Ok, so here’s my concerns:

Of course, it is right that whether, and when, and how easily women have access to abortion are issues that need to be considered in light of the impact of pregnancy and potential parenthood on women’s lives. And in this respect, right on, women’s experiences and voices in the debate need to be attended to, and heeded.


First, that women and feminist bloggers have had trouble getting their posts and blogs noticed has been mentioned (and experiences on this are still coming in). So the assurance that this is the ground in which feminists and women can be more effective is unclear; this will only be so if their lead is, in fact, taken up.

Second, whilst pregnancy and abortion has obvious and significant impacts on women’s lives, this doesn’t mean that it is an issue that *only* concerns the interests of women. Having an unwanted pregnancy is often the property of *a partner*, and unwanted pregnancies yield children with *fathers*. Perhaps male bloggers who are pro-choice can think a bit about how women’s lack of access to abortion might impact on their lives too, and give voice to that.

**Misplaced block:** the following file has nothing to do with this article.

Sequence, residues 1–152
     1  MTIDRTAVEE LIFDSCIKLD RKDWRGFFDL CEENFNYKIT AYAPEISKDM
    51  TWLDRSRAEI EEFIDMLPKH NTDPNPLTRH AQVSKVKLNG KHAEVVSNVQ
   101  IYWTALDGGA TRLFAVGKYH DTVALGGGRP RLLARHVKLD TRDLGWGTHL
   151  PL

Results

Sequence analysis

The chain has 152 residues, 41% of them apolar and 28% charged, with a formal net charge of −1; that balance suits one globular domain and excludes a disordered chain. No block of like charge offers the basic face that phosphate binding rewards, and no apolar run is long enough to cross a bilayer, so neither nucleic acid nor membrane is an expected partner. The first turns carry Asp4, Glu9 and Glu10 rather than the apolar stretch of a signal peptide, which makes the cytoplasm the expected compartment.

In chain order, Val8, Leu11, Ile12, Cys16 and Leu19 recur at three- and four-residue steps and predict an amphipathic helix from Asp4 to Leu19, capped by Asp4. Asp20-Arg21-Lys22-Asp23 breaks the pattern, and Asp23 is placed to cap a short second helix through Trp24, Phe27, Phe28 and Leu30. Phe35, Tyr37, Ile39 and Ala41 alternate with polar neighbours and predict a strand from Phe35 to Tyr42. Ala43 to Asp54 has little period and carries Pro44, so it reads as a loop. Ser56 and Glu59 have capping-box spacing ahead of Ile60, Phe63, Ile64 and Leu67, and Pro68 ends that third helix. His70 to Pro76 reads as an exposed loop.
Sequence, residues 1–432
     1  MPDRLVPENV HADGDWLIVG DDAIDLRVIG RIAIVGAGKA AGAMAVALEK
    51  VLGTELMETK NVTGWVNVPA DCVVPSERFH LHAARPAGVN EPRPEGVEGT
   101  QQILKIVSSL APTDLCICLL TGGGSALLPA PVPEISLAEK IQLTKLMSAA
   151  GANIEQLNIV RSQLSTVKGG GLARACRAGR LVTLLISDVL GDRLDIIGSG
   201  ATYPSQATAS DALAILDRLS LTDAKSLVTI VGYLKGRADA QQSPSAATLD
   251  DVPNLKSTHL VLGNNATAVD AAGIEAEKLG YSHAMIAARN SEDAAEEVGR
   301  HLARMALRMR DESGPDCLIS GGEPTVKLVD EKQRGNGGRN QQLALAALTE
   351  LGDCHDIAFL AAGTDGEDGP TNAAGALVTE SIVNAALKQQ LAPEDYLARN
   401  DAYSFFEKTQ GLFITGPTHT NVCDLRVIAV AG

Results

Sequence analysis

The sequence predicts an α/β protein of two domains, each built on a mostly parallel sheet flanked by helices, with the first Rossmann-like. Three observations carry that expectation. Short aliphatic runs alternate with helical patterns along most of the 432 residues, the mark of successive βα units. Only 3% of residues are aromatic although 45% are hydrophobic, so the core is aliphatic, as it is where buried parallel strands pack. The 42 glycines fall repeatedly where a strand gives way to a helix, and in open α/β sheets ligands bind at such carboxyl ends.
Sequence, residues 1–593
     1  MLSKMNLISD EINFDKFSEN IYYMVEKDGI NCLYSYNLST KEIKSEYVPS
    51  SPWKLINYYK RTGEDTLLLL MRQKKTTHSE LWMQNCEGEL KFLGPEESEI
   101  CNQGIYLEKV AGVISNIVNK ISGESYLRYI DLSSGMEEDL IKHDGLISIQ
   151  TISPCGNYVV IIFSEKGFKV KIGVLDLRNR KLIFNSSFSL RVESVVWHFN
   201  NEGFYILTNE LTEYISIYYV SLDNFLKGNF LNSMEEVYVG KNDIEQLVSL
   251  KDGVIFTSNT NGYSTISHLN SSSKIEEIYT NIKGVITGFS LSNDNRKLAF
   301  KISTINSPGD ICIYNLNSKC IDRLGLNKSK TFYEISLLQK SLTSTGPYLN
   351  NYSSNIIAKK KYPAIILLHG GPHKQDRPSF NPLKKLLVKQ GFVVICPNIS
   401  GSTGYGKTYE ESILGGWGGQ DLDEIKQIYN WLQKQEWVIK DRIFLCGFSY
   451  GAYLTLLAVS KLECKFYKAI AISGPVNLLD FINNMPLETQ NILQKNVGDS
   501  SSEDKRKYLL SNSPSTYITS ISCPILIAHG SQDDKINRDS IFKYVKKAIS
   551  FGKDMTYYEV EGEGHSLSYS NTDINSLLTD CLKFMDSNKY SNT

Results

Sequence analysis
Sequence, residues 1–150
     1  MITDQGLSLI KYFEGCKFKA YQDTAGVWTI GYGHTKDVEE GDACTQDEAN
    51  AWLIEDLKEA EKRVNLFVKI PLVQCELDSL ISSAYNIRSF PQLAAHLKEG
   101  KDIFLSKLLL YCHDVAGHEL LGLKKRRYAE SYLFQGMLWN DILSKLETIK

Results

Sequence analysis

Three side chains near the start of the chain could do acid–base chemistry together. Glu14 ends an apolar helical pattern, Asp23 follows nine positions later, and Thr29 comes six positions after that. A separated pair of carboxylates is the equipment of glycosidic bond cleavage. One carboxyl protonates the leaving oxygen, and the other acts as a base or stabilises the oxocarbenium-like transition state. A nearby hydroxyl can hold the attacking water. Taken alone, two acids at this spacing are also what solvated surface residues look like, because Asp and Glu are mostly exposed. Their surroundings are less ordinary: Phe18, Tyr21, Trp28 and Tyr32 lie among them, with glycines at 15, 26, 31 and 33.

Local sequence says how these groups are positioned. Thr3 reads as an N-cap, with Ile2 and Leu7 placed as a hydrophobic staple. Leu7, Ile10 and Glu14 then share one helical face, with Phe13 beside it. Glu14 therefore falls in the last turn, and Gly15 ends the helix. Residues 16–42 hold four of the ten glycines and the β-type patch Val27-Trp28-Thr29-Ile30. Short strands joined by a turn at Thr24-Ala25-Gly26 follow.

Third, and this plugs in to the previous point about flagging attention to violence against women; feminist issues are not just issues of interest to women! Stopping rape, stopping violence against women, stopping enforced pregnancies because women can’t get access to abortion within the prescribed time limit… all of this should be of interest to men as well as women.

Indeed, the author, unity, shows his sensitive eye for catching feminist issues (see top of this post). It has been asked how men might engage with feminist blogs. Here’s some advice for left liberal male bloggers: Notice that feminist issues are your issues too, and start blogging and campaigning on them!

 Final note: LC piece links this pro-choice site. worth flagging up!